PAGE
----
Adult vulvar lichen sclerosis (VLS) may be complicated by loss of vulvar structure and vulvar carcinoma. There is a lack of evidence as to the ideal method to maintain long-term remission and prevent complications.
To determine whether long-term preventive topical corticosteroid (TCS) treatment of VLS, with a target outcome of induction and maintenance of normal skin texture and color, reduces the risk of vulvar carcinoma, relieves symptoms, improves function, and preserves vulvar architecture, and to evaluate the adverse effects of treatment.
Design, Setting, and Participants
A prospective longitudinal cohort study was conducted in 507 women with biopsy-proved VLS from January 2, 2008, through September 26, 2014, in the private practice of a dermatologist and a gynecologist in Sydney, Australia.
Preventive treatment using TCSs of various potencies, adjusted to meet a target outcome of normal skin color and texture, with regular long-term follow-up by a dermatologist or gynecologist.
Main Outcomes and Measures
Symptoms or signs of VLS, scarring, development of malignant neoplasms, and adverse effects.
The mean age at presentation was 55.4 years (range, 18-86 years); duration of symptoms at presentation, 5.0 years (range, 0.1-40.0 years); and duration of follow-up, 4.7 years (range, 2.0-6.8 years). Remission was induced with a potent TCS, followed by regular preventive TCS treatment of a potency titrated to achieve the target outcome. Patients were followed up at least annually. A total of 150 patients (29.6%) did not carry out the advised treatment and were considered partially compliant. A total of 357 patients (70.4%) adhered to treatment instructions and were considered compliant. Biopsy-proved squamous cell carcinoma or vulvar intraepithelial neoplasia occurred during follow-up in 0 of the compliant patients vs 7 (4.7%) of the partially compliant patients (P < .001). Suppression of symptoms occurred in 333 (93.3%) compliant patients vs 87 (58.0%) partially compliant patients (P < .001). Adhesions and scarring occurred during follow-up in 12 (3.4%) compliant patients and 60 (40.0%) partially compliant patients (P < .001). Reversible TCS-induced cutaneous atrophy occurred in 4 (1.1%) compliant patients and 3 (2.0%) partially compliant patients.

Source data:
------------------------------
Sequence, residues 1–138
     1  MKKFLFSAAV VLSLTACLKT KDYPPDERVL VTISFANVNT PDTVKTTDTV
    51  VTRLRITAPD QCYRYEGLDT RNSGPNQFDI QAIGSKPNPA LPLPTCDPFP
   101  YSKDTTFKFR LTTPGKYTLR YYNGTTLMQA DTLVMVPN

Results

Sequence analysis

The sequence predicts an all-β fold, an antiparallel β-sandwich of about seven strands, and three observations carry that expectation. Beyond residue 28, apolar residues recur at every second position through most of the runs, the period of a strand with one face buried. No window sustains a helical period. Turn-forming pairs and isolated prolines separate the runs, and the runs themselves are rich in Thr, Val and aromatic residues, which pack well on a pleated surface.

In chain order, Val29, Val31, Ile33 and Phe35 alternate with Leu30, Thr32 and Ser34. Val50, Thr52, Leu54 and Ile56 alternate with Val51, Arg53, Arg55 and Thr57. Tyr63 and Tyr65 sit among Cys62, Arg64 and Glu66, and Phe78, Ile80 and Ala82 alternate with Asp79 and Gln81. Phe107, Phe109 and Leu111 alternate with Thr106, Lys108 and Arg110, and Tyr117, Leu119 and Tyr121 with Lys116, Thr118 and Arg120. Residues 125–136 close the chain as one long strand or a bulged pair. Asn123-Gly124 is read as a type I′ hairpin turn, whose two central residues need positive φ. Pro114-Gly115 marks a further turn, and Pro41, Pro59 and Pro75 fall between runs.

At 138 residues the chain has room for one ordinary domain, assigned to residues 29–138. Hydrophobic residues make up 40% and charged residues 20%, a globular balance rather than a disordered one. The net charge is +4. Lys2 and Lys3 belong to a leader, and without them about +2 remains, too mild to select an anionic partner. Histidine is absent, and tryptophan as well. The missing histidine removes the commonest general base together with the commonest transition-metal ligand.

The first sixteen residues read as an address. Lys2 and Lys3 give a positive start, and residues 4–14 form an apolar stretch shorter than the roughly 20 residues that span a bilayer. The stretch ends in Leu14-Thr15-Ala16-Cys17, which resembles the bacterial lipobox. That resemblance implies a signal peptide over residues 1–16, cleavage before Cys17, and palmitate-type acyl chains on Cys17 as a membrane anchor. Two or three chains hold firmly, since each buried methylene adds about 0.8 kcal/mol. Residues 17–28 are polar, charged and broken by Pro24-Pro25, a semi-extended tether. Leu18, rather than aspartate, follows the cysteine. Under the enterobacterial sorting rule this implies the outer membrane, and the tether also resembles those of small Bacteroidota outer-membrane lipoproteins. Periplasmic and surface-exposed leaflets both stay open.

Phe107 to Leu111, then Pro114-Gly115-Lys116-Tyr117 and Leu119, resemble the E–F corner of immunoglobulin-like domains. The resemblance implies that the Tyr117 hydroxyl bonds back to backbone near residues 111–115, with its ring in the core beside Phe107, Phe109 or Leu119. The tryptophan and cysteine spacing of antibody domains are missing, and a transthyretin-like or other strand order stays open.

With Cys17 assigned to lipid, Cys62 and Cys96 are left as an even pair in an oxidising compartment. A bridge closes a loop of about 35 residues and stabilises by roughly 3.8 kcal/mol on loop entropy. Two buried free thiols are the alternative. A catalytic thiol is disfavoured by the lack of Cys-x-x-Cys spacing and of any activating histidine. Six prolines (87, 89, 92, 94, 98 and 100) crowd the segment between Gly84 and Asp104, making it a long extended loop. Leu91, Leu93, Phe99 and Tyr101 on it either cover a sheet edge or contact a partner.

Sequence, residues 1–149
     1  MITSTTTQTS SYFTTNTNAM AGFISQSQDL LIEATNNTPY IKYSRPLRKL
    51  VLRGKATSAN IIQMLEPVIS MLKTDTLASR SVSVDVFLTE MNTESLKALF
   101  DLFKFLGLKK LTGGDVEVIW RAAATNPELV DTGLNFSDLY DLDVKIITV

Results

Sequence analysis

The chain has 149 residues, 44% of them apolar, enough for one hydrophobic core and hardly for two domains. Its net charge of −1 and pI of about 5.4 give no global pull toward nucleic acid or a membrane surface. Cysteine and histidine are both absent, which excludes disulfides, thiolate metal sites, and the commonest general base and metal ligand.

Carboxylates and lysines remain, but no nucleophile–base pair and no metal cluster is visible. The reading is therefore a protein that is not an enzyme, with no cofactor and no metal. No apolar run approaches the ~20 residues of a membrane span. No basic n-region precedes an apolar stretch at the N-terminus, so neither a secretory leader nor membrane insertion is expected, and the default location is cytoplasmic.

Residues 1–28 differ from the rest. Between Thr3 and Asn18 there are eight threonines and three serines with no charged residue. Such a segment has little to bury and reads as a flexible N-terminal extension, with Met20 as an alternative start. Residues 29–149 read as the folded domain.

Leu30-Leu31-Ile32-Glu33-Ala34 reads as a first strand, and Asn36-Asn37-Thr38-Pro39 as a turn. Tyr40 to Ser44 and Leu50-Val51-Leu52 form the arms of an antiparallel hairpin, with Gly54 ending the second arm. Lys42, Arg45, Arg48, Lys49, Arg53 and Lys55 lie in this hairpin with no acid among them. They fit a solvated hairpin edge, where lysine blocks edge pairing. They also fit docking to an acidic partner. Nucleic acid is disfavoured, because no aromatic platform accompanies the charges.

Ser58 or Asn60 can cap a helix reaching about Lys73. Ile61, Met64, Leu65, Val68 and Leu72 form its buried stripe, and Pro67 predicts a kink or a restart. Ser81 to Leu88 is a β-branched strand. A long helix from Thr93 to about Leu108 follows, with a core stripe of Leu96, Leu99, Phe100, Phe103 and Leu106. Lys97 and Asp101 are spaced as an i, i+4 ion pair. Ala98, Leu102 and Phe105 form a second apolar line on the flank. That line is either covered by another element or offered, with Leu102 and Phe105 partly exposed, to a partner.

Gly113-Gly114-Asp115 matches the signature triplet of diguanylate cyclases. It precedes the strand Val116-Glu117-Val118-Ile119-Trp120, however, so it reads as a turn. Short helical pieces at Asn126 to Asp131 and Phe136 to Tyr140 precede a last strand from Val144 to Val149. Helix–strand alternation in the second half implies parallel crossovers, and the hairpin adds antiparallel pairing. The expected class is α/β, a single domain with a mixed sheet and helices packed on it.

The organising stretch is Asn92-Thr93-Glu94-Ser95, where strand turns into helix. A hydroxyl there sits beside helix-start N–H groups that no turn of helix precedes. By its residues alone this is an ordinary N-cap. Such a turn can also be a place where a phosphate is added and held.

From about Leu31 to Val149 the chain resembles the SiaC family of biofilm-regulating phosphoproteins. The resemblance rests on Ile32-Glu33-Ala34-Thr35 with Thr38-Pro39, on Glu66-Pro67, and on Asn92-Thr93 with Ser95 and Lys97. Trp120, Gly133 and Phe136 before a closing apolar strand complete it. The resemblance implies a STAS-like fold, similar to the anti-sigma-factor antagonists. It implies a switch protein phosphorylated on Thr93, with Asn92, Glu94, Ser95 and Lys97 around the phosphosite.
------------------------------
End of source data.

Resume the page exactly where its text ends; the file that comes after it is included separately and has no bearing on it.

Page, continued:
Conclusions and Relevance
This prospective, single-center, longitudinal cohort study of adult patients with VLS suggests that individualized preventive TCS regimens that achieve objective normality of skin color and texture and are used by compliant patients who attend regular long-term follow-up visits may modify the course of the disease. There was a significant difference in symptom control, scarring, and occurrence of vulvar carcinoma between compliant and partially compliant patients. The adverse effects of TCSs were minimal.